On Becoming a Chemosynthetic Symbiont

The common perception of symbioses between chemosynthetic bacteria and invertebrates from hydrothermal vents and cold seep is that these have evolved only rarely from a few bacterial lineages that were uniquely adapted to a symbiotic lifestyle. Our phylogenetic analyses of the symbionts of deep-sea bathymodiolin mussels from hot vents, cold seeps and other chemosynthetic environments indicate that bathymodiolin mussels were colonized multiple times by many different lineages of bacteria (Petersen et al. 2012). At least four different lineages of free-living sulfur-oxidizing bacteria and six different lineages of free-living methane-oxidizing bacteria have established symbioses with bathymodiolin mussels. Given that free-living bacteria have been able to establish themselves as intracellular symbionts so often in the course of evolution, it appears as if it is evolutionarily "easy" for free-living bacteria to become symbiotic. To better understand the genetic attributes of chemosynthetic symbionts we are currently comparing the genomes of the sulfur-oxidizing symbionts of bathymodiolin mussels with their closest free-living relatives, highly ubiquitous pelagic sulfur-oxidizers called SUP05 or GSO bacteria that dominate oxygen minimum zones worldwide, and have also been found in hydrothermal vent plumes (Anantharaman et al. 2013). Whole genome alignments and bioinformatic analyses show that the Bathymodiolus symbiont has undergone massive rearrangements, and that as much as 38% of its genes are potentially of foreign origin. Genes and regions known to play a role in DNA transfer such as transposases and integron insertion sites are present in the Bathymodiolus symbiont and SUP05 bacteria, revealing a possible mechanism for horizontal gene transfer (HGT) into these lineages. Genes of potentially foreign origin in the Bathymodiolus sulfur-oxidizing symbiont include genes for the use of hydrogen as an energy source (Petersen et al. 2011), and a highly diverse array of toxins, which could be used for beneficial interactions with the host. The Bathymodiolus sulfur-oxidizing symbiont genome consists of a patchwork of horizontally acquired genes, and many of these foreign genes may have played a key role in enabling these bacteria to establish beneficial associations with their hosts and make optimal use of the energy sources available in their environment.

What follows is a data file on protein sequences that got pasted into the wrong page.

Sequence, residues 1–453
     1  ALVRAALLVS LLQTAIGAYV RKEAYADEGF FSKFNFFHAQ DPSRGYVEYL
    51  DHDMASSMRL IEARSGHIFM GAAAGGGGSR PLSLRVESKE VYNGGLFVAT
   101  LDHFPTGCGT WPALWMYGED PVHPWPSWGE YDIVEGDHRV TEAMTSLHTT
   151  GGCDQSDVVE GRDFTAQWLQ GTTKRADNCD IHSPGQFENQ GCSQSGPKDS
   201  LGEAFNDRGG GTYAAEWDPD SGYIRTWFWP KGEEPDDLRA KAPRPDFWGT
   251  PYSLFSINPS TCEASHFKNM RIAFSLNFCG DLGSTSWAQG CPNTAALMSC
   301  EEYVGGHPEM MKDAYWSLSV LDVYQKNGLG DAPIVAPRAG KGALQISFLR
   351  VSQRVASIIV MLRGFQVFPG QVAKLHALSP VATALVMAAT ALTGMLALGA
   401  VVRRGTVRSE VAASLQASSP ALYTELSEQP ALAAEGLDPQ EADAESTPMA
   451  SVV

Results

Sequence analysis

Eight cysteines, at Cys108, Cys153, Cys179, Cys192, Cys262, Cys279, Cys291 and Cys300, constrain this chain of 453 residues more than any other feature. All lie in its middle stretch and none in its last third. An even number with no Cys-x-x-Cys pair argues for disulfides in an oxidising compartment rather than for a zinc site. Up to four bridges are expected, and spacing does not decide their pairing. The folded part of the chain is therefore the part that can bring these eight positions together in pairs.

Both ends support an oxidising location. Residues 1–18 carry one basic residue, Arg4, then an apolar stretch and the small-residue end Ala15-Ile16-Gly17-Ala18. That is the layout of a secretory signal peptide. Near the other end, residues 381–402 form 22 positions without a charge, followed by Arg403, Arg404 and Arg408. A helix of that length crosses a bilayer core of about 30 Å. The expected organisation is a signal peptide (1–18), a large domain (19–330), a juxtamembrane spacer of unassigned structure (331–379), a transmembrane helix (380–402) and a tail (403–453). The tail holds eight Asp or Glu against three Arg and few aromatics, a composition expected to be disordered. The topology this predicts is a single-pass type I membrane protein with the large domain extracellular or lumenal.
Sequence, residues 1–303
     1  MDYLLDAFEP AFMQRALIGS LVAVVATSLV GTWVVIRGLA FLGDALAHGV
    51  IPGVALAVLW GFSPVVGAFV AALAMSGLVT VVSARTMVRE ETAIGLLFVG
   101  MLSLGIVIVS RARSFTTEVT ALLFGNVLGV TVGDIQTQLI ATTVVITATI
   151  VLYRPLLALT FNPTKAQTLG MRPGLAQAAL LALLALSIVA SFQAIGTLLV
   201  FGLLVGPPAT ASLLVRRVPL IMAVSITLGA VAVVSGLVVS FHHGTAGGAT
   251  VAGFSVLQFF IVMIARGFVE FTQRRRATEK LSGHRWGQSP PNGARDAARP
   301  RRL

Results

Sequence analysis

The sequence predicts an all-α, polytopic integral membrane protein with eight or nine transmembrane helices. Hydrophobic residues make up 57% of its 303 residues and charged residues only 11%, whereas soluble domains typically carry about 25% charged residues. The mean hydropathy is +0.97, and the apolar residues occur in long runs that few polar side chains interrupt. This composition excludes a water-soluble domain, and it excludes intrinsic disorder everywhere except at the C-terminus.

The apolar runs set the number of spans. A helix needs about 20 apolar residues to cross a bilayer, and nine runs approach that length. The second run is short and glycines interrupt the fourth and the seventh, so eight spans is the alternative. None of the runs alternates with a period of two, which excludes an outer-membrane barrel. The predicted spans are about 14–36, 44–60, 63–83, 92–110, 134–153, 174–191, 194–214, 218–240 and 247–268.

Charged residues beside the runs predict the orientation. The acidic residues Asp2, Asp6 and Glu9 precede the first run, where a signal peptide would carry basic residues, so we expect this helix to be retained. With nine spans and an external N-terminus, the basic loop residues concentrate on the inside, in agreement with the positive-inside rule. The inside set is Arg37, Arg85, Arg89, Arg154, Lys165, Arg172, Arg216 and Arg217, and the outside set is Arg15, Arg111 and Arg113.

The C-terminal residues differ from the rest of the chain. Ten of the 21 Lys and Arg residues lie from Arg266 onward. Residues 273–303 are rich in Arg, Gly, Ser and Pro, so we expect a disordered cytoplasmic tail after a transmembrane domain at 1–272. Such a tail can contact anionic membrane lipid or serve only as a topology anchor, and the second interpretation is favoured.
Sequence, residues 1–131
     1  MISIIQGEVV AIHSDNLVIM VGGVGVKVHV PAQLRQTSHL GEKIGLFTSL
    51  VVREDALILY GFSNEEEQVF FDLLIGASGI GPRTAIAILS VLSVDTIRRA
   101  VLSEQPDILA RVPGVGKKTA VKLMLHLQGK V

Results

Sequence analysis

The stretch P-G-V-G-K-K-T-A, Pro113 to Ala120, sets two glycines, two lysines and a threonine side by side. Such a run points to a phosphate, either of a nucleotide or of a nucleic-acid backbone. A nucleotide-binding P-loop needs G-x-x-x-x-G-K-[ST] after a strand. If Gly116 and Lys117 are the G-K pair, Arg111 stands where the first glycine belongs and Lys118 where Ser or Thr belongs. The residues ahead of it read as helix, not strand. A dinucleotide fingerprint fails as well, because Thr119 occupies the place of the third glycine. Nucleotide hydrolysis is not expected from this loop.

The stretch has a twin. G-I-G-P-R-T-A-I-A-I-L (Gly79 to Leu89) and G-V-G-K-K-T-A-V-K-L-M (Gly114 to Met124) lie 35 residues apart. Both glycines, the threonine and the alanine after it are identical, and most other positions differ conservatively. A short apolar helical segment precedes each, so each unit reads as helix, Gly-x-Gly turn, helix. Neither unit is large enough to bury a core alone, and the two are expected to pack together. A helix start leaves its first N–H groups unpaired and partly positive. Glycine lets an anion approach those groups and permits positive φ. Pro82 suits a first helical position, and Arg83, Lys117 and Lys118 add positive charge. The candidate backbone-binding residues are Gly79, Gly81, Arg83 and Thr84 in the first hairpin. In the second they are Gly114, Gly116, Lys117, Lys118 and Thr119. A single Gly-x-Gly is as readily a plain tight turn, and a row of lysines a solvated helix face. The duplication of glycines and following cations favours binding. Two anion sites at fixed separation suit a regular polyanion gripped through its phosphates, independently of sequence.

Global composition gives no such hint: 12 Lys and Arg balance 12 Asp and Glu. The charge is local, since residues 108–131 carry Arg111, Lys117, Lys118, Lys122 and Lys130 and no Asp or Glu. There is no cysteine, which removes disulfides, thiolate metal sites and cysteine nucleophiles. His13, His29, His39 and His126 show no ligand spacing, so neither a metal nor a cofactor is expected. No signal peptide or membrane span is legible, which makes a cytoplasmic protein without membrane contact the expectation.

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Trophic relations (including symbiosis)
Evolutionary history (fossil and molecular data)
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